Those were the days when the Tribune was at its zenith—the days when Jared Thurston was employed as its foreman and Lizzie Coulter, pretty, blue-eyed, fair-haired Lizzie Coulter helped Mary Adams to set the type. It was not a long Day of Triumph, but while it lasted Mary and Amos made the most of it and spoke in a grand way about "the office force." They even had vague notions of starting a daily and many a night Jared and Amos pored over the type samples in the advertising in Rounds Printer's Cabinet, picked out the type they would need and the other equipment necessary for the new venture. But it was only a dream. For gradually Jared found Lizzie's eyes and he found more to interest him there than in the type-book, and so the dream faded and was gone.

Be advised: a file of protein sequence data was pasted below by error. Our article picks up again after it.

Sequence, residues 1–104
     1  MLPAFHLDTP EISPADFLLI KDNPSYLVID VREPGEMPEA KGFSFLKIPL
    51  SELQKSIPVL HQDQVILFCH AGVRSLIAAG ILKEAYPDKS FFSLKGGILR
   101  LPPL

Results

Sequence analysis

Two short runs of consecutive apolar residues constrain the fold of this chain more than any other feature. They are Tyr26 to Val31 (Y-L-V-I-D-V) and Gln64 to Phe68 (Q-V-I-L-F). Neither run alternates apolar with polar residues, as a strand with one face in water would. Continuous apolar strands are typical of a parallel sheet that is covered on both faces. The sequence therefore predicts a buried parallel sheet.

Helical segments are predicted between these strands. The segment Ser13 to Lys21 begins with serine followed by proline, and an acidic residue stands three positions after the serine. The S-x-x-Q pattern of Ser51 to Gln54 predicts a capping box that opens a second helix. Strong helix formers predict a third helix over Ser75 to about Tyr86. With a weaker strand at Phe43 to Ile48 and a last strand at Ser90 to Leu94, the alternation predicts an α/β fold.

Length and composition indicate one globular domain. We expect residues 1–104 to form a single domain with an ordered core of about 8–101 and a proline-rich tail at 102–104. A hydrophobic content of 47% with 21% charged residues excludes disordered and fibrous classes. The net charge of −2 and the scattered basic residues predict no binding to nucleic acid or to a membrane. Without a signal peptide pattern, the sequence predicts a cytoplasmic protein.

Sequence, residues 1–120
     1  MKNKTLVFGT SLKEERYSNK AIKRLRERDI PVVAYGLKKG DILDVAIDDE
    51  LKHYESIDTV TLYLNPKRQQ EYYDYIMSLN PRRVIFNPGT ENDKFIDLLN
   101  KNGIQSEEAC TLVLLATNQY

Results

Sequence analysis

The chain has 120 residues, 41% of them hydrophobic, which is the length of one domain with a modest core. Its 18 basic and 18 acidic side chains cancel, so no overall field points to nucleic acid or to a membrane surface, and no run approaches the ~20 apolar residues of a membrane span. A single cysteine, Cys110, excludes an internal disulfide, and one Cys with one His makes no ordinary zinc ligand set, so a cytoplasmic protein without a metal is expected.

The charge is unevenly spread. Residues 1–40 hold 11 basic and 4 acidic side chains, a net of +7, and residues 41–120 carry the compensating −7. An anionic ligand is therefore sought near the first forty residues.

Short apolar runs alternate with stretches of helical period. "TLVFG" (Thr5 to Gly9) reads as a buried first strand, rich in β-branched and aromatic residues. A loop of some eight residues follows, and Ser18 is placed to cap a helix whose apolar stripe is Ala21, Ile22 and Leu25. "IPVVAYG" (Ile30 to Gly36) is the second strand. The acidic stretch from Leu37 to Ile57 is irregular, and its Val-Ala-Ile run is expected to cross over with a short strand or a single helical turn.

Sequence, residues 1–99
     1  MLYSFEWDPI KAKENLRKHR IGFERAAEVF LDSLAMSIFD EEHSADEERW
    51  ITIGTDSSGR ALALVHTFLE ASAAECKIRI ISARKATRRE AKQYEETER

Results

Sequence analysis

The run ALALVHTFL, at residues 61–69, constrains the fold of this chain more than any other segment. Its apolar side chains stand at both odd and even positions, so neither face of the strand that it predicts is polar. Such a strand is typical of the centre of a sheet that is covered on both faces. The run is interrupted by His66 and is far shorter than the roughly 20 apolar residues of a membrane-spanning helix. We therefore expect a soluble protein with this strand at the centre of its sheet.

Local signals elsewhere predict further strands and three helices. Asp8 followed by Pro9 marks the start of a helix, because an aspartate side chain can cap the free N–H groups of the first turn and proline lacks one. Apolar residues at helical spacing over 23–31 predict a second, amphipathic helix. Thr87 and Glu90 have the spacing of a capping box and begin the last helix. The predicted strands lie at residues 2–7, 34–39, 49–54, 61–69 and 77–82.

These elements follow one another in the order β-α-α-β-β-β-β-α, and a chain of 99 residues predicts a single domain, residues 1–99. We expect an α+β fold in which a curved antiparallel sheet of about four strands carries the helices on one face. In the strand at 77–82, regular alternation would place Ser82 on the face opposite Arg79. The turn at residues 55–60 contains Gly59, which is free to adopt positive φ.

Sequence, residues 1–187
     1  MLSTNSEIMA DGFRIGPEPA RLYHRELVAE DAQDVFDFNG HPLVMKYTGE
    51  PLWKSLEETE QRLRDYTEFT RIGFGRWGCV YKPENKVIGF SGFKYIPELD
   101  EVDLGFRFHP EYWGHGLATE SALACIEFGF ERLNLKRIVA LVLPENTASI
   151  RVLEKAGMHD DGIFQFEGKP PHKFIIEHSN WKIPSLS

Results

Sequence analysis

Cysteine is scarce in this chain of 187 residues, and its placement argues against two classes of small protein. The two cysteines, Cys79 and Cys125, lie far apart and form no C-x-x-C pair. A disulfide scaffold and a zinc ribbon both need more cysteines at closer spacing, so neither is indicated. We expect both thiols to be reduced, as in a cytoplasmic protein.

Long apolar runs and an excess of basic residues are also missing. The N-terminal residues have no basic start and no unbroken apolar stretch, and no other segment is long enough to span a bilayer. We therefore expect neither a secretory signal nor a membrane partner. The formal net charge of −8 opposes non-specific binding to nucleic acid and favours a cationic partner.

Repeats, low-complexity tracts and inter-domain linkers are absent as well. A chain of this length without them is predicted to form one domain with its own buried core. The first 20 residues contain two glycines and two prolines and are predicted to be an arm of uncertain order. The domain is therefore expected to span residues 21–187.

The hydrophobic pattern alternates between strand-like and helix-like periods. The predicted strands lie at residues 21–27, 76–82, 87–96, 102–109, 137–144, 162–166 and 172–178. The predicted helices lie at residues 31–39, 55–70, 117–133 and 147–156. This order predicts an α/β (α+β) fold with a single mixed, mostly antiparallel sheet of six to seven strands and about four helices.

Also as Lizzie's eyes began to glow in his sky, Jared let his interest lag in the talk at Casper Herdicker's shoe shop, though it was tall talk, and Jared sitting on a keg in a corner with little Tom Williams, the stone mason, beside him on a box, and Denny Hogan near him on a vacant work bench and Ira Dooley on the window ledge would wrangle until bed time many a night as Dick Bowman, wagging a warlike head, and Casper pegging away at his shoes, tore society into shreds, smashed idols and overturned civilization. Up to this point there was complete agreement between the iconoclasts. They went so far together that they had no quarrel about the route of the mob down Fifth Avenue in New York—which Dick knew only as a legend but which Casper had seen; and they were one in the belief that Dan Sands's bank and Wright & Perry's store should fall early in the sack of Market Street. But when it came to reconstructing society there was a clash that mounted to a cataclysm. For Dick, shaking his head violently, demanded a government that should regulate everything and Casper waving a vicious, flat-nosed hammer, battered down all government and stood for the untrammeled and unhampered liberty of the individual. Night after night they looted civilization and stained the sky with their fires and the ground with the oppressor's blood, only to sink their claws and tusks into each other's vitals in mortal combat over the spoil.